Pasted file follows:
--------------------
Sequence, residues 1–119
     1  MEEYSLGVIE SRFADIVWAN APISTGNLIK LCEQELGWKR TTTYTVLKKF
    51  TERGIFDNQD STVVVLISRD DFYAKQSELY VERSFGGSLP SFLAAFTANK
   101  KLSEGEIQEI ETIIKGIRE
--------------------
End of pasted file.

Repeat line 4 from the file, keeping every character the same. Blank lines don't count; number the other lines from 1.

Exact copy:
   101  KLSEGEIQEI ETIIKGIRE